Saturday, November 3, 2012

Intimacy: Longing and Fear

Why do so many of us yearn for intimacy yet unconsciously sabotage it? What are we afraid of? An awesome part of our humanity is to love and crave a soul mate and companion with whom we can share our hearts and our lives. Why is achieving this wonderful and most basic human longing so complicated?
        Let me give you the short version of the answer to that question.  Obviously, the answer is as complex as each individual situation - but I will give you some broad stroke thoughts on the answer. This is after all, Marriage Therapy 101.
     This profound longing for closeness and intimacy can stir up equally profound and often unconscious fears.  A fear of abandonment, for example, is a common anxiety that starts to stir.  If you have had a loss earlier in your life, say the loss of a parent by death or divorce, that fear of abandonment is easy to trace in a concrete sort of way.  Sometimes it's just a free floating fear without an easily traceable source.
     Here's how this issue can get re-enacted in real time.  Let's say a couple is taking baby steps towards feeling closer and more intimate. Seemingly out of nowhere, they are bickering and conflictual. One or the other has made a seemingly random comment that pushed the other's buttons and an argument has ensued.    
      What just happened here?  As they were tiptoeing into the waters of increased closeness and bonding, an unconscious fear of intimacy kicked in for one or the other or both of them.  They are not consciously aware of picking a fight because they are afraid of being close.  It happened unconsciously and served it's purpose.  Although they are no longer as close as they were a few minutes ago, the unconscious fear of abandonment which they were not conscious of in the first place has gone away as well.
     Now what?  In our intimacy scenario that we have described here, the couple squabble until they are now more separate then they were in the beginning of this encounter.  Once they have pushed each other apart, reconciling behavior kicks in.They don't want to lost the other person. One or the other starts to make up until they are back at the original place they were when this all started.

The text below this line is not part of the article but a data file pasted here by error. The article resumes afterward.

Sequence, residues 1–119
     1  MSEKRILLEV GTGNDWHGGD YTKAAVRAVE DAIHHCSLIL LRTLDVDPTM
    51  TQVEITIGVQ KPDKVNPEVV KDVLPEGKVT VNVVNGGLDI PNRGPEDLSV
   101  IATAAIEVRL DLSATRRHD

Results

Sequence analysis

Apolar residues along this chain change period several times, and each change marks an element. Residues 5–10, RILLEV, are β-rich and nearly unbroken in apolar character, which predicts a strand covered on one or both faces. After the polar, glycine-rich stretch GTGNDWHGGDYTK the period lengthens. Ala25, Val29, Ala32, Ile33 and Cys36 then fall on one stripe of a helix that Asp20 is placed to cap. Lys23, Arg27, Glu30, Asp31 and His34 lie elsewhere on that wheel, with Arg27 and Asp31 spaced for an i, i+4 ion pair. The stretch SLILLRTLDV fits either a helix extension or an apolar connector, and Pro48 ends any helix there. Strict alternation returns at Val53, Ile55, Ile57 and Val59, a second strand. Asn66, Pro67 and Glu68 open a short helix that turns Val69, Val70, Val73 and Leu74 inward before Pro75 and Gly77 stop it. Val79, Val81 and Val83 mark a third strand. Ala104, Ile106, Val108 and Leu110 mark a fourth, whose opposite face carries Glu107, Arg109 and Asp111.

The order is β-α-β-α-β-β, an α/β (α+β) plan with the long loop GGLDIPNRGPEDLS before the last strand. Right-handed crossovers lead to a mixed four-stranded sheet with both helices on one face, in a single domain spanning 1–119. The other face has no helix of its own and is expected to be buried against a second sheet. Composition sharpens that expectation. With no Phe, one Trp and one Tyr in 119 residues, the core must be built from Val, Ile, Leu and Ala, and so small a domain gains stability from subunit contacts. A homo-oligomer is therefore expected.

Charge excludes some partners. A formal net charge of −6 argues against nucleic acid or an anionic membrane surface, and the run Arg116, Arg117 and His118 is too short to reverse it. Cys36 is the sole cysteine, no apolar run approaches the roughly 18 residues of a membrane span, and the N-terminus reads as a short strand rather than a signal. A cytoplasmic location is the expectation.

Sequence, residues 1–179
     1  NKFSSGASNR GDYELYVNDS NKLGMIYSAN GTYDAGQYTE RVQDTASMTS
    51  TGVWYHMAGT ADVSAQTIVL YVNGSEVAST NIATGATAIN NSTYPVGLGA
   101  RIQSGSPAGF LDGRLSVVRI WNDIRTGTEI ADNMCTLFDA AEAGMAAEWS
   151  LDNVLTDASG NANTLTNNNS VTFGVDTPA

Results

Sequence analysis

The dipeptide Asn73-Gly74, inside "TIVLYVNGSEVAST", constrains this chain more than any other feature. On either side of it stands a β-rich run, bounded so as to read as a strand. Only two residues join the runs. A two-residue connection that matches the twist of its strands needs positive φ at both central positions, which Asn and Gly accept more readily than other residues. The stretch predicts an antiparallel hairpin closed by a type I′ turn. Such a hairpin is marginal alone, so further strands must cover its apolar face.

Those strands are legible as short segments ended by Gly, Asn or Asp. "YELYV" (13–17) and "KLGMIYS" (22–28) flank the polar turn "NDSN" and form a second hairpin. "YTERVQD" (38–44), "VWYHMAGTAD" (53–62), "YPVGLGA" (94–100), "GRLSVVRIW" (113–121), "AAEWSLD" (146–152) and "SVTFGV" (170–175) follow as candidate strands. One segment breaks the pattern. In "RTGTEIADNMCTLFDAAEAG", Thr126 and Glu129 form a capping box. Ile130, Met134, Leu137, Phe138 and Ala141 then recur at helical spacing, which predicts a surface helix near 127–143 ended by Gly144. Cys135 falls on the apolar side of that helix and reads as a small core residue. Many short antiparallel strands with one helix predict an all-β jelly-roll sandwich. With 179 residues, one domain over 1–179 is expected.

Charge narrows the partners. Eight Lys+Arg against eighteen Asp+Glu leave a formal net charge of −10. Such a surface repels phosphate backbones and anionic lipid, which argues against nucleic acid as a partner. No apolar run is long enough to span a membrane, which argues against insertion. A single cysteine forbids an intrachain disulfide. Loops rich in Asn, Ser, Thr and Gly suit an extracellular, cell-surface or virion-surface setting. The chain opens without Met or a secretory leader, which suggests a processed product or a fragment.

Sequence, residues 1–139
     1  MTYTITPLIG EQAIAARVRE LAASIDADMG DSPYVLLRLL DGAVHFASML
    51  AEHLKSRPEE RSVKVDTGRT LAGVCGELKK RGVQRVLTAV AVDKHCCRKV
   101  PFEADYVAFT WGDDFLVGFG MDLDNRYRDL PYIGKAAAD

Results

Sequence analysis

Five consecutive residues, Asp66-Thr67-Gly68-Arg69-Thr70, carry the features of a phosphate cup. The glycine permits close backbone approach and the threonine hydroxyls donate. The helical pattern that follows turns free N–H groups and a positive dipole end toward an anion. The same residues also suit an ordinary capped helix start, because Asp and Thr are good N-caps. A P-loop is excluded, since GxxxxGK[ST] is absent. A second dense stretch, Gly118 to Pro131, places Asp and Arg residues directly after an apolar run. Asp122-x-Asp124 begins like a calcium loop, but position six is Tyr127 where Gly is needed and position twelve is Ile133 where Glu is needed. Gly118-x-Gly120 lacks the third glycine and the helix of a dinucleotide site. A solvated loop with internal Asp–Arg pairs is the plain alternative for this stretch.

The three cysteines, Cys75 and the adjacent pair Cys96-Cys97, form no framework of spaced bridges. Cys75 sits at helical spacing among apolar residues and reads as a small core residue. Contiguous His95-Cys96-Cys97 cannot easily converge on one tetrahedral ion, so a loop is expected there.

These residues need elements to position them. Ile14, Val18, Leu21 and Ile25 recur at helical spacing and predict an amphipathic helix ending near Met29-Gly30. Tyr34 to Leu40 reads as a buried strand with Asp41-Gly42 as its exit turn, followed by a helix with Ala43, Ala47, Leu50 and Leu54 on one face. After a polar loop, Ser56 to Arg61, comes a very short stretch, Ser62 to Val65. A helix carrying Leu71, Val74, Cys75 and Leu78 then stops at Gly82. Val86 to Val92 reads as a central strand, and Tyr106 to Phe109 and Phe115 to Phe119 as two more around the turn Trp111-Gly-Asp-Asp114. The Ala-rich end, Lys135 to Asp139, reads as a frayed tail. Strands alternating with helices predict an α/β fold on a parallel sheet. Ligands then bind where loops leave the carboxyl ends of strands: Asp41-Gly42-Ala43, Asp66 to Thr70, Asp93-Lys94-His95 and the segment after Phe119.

When I was training at the Family Institute many years ago, we called this The Intimacy Feedback Loop. We learned that there were predictable patterns of intimacy that couples learned to dance with one another which were to some degree calibrated by their unconscious fears of intimacy.
     Thirty years of practice and a lot of life later, I have learned that couples don't always fit into a tidy little diagram.  Life is messier and more wonderful then that. However, there is something to this model.  What fears might you have of intimacy? Once they are conscious and you are aware that they are in the mix, you can avoid re-enacting them.  Feel free to send them along under the comment section. I will be happy to address them in a highly confidential manner on this blog.
      I love the saying from the 12 Step Programs, Insanity is doing the same thing over and over again and expecting a different result.  It is possible for a couple to change their dance of intimacy.  I see it every day and it warms my heart.  Well, maybe not every day but often enough to know it's possible.


No comments:

Post a Comment